With legs that resemble flower petals, the Malaysian orchid mantis (Hymenopus coronatus) blends in perfectly with its floral platforms, catching its insect prey off-guard.
By The Scientist Staff | December 13, 2012
Wikimedia, Luc Viatour
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December 13, 2012
Is there contact genetric information transfer -from plant to mantis- that spurs this mimickry?
Random mutation seems a slow method to achieve this -and other creatures'- eerily exact imitation of their local environment.
By Ben Andrew Henry
In the initial steps of a campaign to make clinical reports publicly available, the European Medicines Agency has published data on two recently approved drugs.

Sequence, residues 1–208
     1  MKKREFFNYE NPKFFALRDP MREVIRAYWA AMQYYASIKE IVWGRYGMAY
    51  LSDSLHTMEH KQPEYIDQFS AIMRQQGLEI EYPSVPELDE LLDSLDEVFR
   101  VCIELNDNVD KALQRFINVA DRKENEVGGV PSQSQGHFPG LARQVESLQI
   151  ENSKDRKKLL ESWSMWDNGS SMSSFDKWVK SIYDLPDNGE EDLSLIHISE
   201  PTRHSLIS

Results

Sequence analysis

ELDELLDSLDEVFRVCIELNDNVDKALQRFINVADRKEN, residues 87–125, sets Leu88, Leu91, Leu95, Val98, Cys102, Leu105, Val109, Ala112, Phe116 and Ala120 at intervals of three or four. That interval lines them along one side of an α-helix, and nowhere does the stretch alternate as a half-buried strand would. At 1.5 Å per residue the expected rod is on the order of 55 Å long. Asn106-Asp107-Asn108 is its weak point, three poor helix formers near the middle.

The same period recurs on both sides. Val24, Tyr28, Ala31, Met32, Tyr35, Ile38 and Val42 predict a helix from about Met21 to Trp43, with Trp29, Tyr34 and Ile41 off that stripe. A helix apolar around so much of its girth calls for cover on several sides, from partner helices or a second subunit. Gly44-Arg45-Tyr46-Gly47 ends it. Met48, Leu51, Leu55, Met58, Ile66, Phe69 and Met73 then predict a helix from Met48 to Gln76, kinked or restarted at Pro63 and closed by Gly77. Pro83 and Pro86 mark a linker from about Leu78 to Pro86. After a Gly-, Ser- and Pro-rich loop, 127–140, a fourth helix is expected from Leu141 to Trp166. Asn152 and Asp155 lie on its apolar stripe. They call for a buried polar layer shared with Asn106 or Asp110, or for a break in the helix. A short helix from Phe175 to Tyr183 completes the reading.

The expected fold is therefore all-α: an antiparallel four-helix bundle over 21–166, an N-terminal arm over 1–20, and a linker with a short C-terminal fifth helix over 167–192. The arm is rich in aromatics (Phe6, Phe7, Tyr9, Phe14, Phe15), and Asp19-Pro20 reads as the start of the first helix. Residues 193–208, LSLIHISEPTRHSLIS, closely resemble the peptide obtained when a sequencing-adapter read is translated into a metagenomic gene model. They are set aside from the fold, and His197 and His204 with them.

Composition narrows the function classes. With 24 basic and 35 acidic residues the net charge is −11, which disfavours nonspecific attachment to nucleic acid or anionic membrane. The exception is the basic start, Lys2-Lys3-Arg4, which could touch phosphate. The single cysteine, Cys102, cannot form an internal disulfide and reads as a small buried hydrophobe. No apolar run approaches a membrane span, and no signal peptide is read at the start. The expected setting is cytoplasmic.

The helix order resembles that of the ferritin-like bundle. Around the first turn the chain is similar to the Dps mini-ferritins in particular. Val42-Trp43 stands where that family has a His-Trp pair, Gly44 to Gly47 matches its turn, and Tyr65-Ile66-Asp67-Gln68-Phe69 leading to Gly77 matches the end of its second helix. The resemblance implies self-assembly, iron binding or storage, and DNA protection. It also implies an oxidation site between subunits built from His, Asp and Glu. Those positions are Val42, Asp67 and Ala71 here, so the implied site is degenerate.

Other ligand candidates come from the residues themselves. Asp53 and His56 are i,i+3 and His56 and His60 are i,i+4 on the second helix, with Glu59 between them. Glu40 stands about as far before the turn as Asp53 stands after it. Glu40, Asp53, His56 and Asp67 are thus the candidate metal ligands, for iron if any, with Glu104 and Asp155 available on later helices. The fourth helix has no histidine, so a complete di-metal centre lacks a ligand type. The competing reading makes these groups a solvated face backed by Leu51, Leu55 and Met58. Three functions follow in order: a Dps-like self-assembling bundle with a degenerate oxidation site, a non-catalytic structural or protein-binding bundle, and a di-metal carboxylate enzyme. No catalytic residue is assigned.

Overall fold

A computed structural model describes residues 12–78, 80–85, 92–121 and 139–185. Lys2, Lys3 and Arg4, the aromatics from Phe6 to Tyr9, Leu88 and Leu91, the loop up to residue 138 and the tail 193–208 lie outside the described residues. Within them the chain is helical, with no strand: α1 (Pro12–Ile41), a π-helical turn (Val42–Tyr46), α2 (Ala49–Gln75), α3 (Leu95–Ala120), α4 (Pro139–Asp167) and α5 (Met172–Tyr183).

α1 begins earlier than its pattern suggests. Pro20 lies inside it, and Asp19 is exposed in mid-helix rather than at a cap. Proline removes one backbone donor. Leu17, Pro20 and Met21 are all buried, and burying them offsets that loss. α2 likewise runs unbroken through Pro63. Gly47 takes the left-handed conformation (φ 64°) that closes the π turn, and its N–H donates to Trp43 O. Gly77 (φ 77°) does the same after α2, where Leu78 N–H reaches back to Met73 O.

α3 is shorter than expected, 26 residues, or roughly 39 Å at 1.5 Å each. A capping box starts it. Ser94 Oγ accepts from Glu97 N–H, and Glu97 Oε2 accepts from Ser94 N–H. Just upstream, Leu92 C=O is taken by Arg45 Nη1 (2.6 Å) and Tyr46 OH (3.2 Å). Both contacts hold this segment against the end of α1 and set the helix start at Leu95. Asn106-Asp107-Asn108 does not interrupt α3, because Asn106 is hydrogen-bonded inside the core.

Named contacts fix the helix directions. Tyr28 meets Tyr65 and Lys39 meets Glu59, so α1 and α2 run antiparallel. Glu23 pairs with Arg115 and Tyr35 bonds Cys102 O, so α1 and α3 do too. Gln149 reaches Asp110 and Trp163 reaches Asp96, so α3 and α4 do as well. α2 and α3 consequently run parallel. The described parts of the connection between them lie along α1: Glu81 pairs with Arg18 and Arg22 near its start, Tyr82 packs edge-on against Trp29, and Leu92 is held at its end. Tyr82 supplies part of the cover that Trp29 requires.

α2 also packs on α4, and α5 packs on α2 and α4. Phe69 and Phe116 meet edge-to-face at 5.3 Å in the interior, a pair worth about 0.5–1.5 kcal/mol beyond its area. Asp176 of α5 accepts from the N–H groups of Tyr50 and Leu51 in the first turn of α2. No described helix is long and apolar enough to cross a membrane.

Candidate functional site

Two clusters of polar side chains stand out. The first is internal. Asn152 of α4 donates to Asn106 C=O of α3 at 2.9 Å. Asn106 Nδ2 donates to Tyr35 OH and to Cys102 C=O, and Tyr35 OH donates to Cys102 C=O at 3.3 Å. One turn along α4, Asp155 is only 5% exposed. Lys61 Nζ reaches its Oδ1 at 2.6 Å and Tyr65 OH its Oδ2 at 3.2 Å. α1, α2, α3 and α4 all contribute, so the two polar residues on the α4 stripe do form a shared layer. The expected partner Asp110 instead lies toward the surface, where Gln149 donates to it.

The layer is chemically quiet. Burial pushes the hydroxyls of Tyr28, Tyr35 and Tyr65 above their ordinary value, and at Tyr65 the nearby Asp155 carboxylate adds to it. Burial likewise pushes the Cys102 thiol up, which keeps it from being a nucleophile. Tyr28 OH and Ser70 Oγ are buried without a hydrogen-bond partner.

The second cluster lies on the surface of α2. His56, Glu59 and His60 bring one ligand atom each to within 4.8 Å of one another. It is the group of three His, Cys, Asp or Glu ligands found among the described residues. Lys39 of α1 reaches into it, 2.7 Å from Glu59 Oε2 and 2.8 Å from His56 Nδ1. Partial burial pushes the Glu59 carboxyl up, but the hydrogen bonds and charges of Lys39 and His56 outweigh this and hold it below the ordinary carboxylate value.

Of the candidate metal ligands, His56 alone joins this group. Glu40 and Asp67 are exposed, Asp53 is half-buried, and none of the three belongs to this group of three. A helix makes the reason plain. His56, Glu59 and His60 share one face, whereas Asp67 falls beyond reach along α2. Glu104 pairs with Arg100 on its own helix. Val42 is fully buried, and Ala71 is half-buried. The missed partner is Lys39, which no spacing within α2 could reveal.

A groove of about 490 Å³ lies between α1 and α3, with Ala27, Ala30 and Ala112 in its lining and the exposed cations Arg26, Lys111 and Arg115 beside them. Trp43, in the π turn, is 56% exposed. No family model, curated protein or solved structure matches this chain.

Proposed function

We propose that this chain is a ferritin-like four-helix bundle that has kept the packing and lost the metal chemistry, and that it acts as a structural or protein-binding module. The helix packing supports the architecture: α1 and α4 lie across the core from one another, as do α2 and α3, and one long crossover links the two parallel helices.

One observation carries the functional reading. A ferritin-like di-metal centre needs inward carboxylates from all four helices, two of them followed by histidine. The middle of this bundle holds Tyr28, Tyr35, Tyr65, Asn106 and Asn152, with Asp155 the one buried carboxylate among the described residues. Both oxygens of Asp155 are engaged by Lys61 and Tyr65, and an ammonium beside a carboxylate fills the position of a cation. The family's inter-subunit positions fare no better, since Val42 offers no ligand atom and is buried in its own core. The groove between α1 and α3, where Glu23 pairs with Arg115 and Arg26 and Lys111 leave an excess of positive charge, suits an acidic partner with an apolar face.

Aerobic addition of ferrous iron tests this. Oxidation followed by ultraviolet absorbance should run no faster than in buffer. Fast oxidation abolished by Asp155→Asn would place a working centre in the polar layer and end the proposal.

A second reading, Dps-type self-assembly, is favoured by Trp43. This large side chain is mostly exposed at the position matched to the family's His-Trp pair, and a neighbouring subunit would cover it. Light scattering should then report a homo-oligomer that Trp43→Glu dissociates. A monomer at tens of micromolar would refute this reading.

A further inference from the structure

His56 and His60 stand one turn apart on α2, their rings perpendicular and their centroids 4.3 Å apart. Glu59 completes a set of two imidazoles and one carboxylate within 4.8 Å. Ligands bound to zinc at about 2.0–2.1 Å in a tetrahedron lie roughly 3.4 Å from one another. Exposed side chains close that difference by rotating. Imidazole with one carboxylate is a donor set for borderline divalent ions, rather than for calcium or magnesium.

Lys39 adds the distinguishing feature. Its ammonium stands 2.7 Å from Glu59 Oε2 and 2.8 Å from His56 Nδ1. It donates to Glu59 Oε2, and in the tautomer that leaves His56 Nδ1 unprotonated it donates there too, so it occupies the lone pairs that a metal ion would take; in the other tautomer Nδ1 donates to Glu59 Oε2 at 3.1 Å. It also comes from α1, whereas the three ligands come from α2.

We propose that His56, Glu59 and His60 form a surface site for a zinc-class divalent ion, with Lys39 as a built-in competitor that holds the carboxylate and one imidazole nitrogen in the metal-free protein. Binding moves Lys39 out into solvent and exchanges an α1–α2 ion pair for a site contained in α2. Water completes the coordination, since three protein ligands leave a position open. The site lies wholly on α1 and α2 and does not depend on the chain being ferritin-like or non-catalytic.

By Amanda B. Keener
Type I interferon organizes several immune mechanisms to suppress B cell responses to a chronic viral infection.
By Tracy Vence
Members of the BabySeq Project discuss trial enrollment, preliminary findings.
This is not sustainable.
Genetic analyses lay to rest conspiracy theories about death of Belgian King Albert I, who lost his life in a rock climbing accident more than 80 years ago.
Bacteria inhabit most tissues in the human body, and genes from some of these microbes have made their way to the human genome. Could this genetic transfer contribute to diseases such as cancer?
A Wayne State University probe into allegations of research misconduct leveled against pathologist Fazlul Sarkar has found the scientist guilty of multiple instances of image manipulation, among other infractions.
View the October 2016 contents.
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